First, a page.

Hello and welcome!
Because all the activities of Christmas Eve and Christmas Day fall just at the time I would normally be posting my blog, I have decided to post it a little bit early this week.
– – –
Last Friday was visited by Father José Medina, who is now the responsible for Communion and Liberation in United States, taking the place of Father Lorenzo Albacete who died last year.
Father José, of course, has a strong connection to the Boston area particularly because, for a number of years, he was head of Cristo Rey Boston High School and he still maintains contact with many people here.
– – –
The following day, Saturday, I was visited by a doctor who is very close to Communion and Liberation, Dr. Tom Heyne. We had a nice visit and we spoke about some of the medical needs for the missions.
– – –
Then, Father Hilario Sañez, the pastor at St. Rose of Lima in Chelsea, came for a visit along with his two vicars, Fathers Joseph Xuan and Reynaldo Escobar. They came to talk to me about some new renovations they hope to make at St. Rose.
– – –
In the afternoon, I went to our Redemptoris Mater Seminary in Brookline for the seminary’s annual board meeting.
It was a very good meeting, and afterwards I had an opportunity to visit a little with the seminarians and admire the beautiful crèche that they have set up.
– – –
On Sunday, I visited Marion Manor in South Boston to celebrate Mass with the residents there. I had seven priests concelebrating with me, including Father Joe Kane, who is the chaplain there.
We are so grateful for the wonderful work the Carmelite Sisters for the Aged and Infirm do in the archdiocese.
As I reminded them, I have been lucky to have nursing homes run by the Sisters in three of the four dioceses where I have served as a bishop, and in all three cases the sisters were greatly beloved by the people. We are so grateful for the excellent care they give, particularly to our priests and to the relatives of our priests.
While I was there, I was able to visit Mary McHale, who is one of our parishioners from the Cathedral and who co-founded and for many years ran the Sancta Maria House, the first homeless shelter for women in Boston. She has also been active in the Legion of Mary and our praesidium here at the Cathedral.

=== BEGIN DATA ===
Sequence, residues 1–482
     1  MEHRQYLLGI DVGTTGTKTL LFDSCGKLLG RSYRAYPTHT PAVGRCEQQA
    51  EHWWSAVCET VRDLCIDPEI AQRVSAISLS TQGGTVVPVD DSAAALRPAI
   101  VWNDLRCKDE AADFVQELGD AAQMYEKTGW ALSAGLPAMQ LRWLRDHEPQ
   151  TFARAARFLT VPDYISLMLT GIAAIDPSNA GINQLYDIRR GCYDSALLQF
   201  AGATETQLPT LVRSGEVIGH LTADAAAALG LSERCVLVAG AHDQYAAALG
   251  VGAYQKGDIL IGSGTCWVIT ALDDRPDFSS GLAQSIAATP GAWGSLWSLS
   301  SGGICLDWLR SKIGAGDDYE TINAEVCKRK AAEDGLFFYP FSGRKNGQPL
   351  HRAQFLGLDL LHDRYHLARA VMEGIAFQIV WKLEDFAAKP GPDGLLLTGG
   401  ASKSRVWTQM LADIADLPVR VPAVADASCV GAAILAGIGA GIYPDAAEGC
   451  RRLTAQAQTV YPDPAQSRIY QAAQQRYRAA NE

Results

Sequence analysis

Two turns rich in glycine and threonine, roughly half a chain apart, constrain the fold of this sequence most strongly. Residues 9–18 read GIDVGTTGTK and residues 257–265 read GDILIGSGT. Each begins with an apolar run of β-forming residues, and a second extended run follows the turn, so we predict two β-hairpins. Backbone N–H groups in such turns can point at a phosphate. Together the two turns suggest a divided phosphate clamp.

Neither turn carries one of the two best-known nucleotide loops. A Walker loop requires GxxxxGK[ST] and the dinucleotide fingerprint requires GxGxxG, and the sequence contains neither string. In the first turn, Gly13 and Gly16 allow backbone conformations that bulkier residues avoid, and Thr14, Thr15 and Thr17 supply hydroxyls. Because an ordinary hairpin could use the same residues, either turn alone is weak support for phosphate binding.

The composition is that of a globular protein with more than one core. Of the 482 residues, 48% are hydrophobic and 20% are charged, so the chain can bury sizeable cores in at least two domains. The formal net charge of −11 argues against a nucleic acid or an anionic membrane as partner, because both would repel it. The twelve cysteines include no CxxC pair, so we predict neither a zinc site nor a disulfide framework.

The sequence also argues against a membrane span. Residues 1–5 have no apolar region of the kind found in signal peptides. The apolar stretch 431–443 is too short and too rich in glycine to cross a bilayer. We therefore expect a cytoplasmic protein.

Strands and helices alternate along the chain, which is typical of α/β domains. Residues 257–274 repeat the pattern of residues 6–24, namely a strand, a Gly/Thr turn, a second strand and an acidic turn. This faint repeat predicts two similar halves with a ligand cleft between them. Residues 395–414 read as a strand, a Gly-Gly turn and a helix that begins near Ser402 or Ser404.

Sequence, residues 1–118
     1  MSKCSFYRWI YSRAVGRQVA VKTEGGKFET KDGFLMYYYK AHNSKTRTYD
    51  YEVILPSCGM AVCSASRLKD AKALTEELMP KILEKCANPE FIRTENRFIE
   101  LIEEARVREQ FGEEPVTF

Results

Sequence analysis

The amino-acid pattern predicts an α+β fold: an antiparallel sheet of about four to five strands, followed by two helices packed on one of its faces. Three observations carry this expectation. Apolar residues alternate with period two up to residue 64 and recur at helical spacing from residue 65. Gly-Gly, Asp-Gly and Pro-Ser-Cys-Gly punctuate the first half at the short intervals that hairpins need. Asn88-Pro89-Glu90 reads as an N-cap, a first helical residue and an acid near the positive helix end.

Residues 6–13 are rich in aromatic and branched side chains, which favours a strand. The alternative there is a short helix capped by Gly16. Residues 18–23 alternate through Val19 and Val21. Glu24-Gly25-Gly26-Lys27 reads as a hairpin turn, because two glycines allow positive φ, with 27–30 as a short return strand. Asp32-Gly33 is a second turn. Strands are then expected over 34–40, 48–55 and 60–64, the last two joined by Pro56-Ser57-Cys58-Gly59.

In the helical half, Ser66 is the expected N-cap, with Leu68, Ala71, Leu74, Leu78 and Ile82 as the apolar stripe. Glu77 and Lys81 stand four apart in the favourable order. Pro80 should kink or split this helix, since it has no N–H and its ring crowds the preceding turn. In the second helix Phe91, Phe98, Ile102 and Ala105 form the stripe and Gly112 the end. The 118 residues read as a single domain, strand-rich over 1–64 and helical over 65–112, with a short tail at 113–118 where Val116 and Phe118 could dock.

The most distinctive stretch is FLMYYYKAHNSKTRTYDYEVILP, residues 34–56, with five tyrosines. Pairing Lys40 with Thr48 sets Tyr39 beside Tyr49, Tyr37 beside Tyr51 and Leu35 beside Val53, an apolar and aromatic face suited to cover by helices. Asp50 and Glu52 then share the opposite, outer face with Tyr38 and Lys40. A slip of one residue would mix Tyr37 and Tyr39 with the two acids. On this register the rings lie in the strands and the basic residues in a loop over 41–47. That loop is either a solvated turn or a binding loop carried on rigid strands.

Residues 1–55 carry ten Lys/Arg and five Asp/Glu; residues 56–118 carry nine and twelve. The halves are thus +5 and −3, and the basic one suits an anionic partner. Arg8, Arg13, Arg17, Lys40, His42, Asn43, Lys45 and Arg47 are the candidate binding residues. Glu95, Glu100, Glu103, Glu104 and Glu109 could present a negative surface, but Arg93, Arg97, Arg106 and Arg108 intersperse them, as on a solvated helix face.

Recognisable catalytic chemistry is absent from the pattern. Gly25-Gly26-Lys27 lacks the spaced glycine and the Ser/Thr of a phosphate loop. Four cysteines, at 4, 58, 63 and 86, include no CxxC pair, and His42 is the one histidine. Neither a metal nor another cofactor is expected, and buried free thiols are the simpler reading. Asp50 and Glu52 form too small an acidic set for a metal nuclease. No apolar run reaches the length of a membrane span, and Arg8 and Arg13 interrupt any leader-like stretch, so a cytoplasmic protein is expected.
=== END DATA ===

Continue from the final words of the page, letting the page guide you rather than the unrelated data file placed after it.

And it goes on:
– – –
Tuesday, I went to have lunch with and visit our retired priests at Regina Cleri.
During my visit I was able to spend some time with Bishop Irwin, who is there in residence.
As always, the Sister Disciples have put up a delightful crèche this year.
We are so blessed to have a place like Regina Cleri in the archdiocese to care for our priests.
I want to remind everyone that the collection taken up at parishes in the Archdiocese of Boston on Christmas go to support the Clergy Funds, which provide for the health and retirement needs of our priests. I invite you to be generous to them, as they have been generous in devoting their lives to the Lord and his Church.
– – –
Finally, I want to share with you all my Christmas card for this year.
It was created for me by a team of people in the archdiocese from Boston Catholic Development Services and Pilot Printing.
I gave them a general idea of what I wanted, and they came up with this beautiful image depicting the Christ Child in the manger. Over the manger, where usually you expect the Star of Bethlehem, is the Arabic letter N, for Nazarene, because in some places in the Middle East where Christians are being persecuted for their faith, they are obliged to put that N on their doors. For many, this brings to mind the way the Star of David was used by the Nazis to identify the Jews for persecution.
So, on the inside of the card I give a brief explanation of this symbolism and ask people to pray for our brothers and sisters who are being persecuted for their faith throughout the world. I would note that John Allen wrote a series of articles in the Boston Globe just recently documenting the terrible and bloody persecution of Christians in so many different parts of the world in recent months.
In my Christmas greetings I wanted to recognize this problem of persecution and encourage people to pray for peace and pray for our fellow Christians who are shedding their blood and laying down their lives for the faith.
May Christ be born in our lives! Merry Christmas!